Several months ago, my family and I spent a few night’s with my brother in law in the house where my sister lived, with him, until the day she died.  It was… a lot.  In this blog post I’ll discuss my own story of dealing with grief and coping with the loss of my sister.

“He who has not looked on Sorrow will never see Joy.” ~ Kahlil Gibran

We all made it through, and even found a few moments of light in the midst of sorrow. In my head the entire time, like a mantra was the quote about grief that has to do with the depth of our sorrow being related to the depth of our love. I can’t find the exact quote or even who said it first, but it was the sentiment that not only got me through this “first” holiday, but also helped find some light in the darkness.

It got me thinking about how we all need tools to find the light in the darkness and ’tis the season, maybe this year more than ever, where we may need them most.

In the best of times, the holidays are tricky. On one hand, they are meant to be full of love and laughter and gathering with family from far and wide to celebrate and share joy.

In reality, they can also be times of great stress or unattainable expectations and even deep loneliness and grief. This year after a pandemic and at a time our world feels slightly out of control, no matter what or even if, you celebrate, it is impossible to avoid the season and the pressures and discomfort that can come along with it.

So what do we do? How do we keep our heads above water and our hearts safe from the many traps of holidays gone wrong?

Here’s what I came up with before spending the week caught between celebrating a life I am very thankful for, and grieving the loss of a life that included a sister I love so, so deeply: Tune In To The Love.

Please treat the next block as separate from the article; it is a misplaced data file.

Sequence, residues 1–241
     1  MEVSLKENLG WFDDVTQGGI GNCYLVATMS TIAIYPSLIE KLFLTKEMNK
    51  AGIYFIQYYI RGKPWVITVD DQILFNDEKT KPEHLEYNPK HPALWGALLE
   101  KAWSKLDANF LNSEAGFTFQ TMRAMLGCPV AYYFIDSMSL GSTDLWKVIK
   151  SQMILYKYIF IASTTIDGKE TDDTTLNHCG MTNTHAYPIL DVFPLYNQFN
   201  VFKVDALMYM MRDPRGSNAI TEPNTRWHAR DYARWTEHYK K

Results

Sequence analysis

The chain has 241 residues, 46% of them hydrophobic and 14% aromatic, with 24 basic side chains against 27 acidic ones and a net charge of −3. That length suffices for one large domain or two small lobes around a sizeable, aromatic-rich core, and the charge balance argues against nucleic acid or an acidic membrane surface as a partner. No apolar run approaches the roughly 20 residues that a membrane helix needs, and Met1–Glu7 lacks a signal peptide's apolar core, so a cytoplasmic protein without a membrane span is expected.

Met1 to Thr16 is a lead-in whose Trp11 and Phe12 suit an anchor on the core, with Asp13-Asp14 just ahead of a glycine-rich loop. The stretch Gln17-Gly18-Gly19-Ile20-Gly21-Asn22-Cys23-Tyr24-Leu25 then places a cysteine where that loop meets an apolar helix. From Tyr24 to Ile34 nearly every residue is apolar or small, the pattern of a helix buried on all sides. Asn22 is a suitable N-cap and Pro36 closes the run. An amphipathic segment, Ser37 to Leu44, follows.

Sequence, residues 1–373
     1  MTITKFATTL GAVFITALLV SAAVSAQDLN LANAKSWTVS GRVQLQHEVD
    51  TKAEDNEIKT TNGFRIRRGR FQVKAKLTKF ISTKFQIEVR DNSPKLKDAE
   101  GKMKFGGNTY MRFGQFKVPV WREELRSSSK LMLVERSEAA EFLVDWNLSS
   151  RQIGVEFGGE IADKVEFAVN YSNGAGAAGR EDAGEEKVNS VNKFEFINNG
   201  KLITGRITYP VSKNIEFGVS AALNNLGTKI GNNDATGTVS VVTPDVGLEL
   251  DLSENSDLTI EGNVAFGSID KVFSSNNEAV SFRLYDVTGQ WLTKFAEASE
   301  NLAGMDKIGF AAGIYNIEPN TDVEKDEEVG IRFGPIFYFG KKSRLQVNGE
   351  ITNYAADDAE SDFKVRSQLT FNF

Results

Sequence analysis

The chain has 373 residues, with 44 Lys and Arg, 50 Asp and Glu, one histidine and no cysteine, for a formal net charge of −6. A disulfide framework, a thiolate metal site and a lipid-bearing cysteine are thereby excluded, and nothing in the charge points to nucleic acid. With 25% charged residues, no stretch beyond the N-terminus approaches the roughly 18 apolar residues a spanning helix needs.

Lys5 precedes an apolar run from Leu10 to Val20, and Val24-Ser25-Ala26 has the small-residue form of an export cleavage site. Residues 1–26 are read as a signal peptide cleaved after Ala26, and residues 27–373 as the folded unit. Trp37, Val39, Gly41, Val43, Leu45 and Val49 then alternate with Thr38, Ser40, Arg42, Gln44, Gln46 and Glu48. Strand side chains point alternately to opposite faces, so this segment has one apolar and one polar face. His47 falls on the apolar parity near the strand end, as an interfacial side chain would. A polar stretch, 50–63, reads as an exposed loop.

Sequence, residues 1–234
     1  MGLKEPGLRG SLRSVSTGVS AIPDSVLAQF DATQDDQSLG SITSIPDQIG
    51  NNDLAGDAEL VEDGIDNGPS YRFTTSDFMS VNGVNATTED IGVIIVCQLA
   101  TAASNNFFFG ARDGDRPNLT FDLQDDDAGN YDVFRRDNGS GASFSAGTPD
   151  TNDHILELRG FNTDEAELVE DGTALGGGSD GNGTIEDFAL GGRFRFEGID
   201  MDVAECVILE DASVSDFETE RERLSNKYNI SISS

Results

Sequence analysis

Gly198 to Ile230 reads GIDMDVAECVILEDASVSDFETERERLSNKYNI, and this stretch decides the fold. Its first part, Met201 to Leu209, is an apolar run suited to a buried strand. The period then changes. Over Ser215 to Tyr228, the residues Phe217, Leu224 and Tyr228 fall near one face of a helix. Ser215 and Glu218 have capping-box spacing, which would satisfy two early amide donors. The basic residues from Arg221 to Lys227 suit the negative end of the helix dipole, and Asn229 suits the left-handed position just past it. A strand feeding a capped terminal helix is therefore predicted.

That sounds like lovely decorative house art, Cristie, but what the heck does it mean?

Ok, I hear you, enough with the cutesy quotes, let’s get down to details. How, does one “tune in to the love”? I’ll tell you, it’s simple, but maybe not so easy.

What is easy is being overwhelmed by expectations and stressors and blocking any feeling of the feelings that you might be afraid you can’t handle. Numb is easy.

What is simple but may be hard is choosing, every single morning when you wake up, to consciously be on the lookout for moments of joy and then be willing to take those moments fully into your body, no matter how small.

What’s easy is turning on autopilot and “getting through” the season by ticking off items on the to do list and trying not to be too miserable as you do.

What is simple but hard is purposely balancing your scales between obligation and choice, between monotony and fun.

What’s easy is doing what is expected or what you’ve always done.

What’s simple but hard is figuring out the boundaries that help you most give and receive love and then setting those boundaries and managing expectations around them.

What is simple, but not so easy, is taking some time to listen to yourself and figure out what you need to not just “get through” this season, but to actually experience it in a way that brings some joy.

We can’t erase all the sorrow, or uncertainty, but that doesn’t have to be the only thing we feel.

We can hold two truths at once: sorrow and joy, because they are both united by love. Let this season be your YES AND season. Feel the parts that are hard, AND make room to feel joy. Look for it and you’ll find enough be able to have both. You deserve joy. Allow yourself to have it.

I spent that thanksgiving mourning the loss of my sister AND recognizing the absolute joy that came from being surrounded by my other family members who loved her just as much as I.

Grief and Joy-United by love.

My wish is that you can tune into the love.

“A joyful heart is the normal result of a heart burning with love.” ~ Mother Teresa

~ Cristie XOXO

If you’re dealing with the loss of someone special and need support, I offer grief counseling services.  Please reach out to me for a free consultation.